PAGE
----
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US economy's gloom expected to begin lifting by late '09

Until then, employment, output, and housing prices will keep falling.

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It could be worse. Even though business is trying to cut expenses, some companies are trying to do it creatively, says Mr. Behravesh. "Some senior executives at places like Federal Express and Caterpillar are taking big pay cuts, and some workers are taking time off without pay," he explains. "As companies have learned, it's expensive to fire workers and then retrain them again."

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One of the areas likely to be worst hit is manufacturing. Economists consider industrial production to be one of the best gauges of the sector. Mr. Meckstroth estimates it will fall 1.4 percentage points on an annualized basis this year. Next year is worse, with a drop of 4.2 percent. "If you don't include high tech, then industrial production will fall 6.3 percent," he estimates. "Most of that decline will occur in the first half of 2009."

A good portion of the decline in industrial production is from falling business investment. "Business is cutting spending as fast as it can," he says.

The auto sector, in particular, is expected to shrink, even with bailout money from the government. For example, Meckstroth says Chrysler is expected to merge with another automaker. "They have pretty much admitted they don't expect to operate on their own," he says.

However, once the economy starts to improve, he anticipates that the automakers will benefit. "We are seeing building pent-up demand," he says. "The automotive fleet is getting older and repairs cost so much it's cheaper to replace vehicles."

The weak economy means consumers are likely to continue to get a break at the gas pump. The Energy Information Administration is estimating regular grade gasoline will average $2.03 a gallon, down from about $3.27 a gallon in 2008. "That will convert into a 1 percent tail wind for the economy in 2009," says Mr. DeKaser.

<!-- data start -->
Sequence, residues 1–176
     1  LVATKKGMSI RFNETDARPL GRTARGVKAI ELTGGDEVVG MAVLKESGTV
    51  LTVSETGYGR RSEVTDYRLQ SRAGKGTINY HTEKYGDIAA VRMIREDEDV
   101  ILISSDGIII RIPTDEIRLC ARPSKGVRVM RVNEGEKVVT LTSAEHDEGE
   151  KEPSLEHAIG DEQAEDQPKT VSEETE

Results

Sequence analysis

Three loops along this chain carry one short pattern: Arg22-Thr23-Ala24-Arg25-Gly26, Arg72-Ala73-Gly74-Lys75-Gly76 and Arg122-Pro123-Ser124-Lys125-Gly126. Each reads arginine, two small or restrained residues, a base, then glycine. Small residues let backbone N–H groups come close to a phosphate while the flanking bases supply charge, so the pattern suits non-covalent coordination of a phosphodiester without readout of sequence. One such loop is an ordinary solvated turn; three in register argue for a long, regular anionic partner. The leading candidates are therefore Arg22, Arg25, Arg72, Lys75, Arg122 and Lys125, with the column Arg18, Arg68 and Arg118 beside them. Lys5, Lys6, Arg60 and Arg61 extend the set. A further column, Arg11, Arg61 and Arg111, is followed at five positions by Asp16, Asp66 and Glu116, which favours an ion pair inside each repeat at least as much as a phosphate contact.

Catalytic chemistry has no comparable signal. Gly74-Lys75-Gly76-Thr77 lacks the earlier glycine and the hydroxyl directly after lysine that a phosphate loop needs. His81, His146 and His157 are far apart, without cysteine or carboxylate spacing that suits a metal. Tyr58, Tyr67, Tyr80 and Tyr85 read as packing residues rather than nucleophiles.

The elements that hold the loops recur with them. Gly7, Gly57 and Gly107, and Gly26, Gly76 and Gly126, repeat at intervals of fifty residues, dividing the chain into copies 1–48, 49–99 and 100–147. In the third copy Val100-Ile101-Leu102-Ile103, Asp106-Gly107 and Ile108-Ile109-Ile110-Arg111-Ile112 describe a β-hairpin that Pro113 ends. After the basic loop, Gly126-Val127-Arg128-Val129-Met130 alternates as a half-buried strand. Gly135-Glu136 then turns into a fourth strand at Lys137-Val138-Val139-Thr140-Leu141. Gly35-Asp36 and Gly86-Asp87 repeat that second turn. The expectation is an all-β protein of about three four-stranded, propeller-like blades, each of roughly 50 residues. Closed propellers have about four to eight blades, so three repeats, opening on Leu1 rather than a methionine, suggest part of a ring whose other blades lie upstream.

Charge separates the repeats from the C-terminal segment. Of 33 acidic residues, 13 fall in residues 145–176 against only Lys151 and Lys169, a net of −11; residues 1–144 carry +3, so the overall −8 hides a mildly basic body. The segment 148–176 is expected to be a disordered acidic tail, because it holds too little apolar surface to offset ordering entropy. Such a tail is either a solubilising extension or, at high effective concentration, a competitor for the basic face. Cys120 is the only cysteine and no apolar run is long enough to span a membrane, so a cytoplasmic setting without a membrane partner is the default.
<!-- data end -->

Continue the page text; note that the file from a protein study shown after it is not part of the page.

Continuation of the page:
Before the economy turns around, Congress is expected to have passed a two-year fiscal-stimulus package that could be close to $800 billion. Zandi estimates some of it might be some form of tax cut that moves into the economy right away. The same would be true of an increase in food-stamp eligibility and perhaps an increase in Medicaid funds to the states.

The incoming Obama administration, which has set a goal of creating 3 million jobs in two years, is also expected to ask for a sharp increase in infrastructure spending.

"If they do shovel-ready infrastructure, that can be spent pretty quickly," says Alice Rivlin, a senior fellow at the Brookings Institution in Washington. "But it would be ill-advised to do too much of that."

Instead, she would like to see Congress spend some time planning the types of spending the nation needs. "For example, there are new things like medical technology where the money does not get spent right away, but it's an investment in the long-run rate of growth of health spending. It's not conventional stimulus."

The sharp rise in government spending may come at a cost to the economy, worries Axel Merk of Merk Hard Currency Fund in Palo Alto, Calif. "It will make it more difficult for the corporate sector to raise money," he predicts. "There is a huge amount of corporate debt to be rolled over next year."

Mr. Merk says banks' aversion to making loans will continue into 2009. As the year ends, corporate bond spreads – that is the difference between Treasury bills and investment-grade corporate debt – are at a record high. "I think financial institutions are in a survival mode and that will continue," he says.

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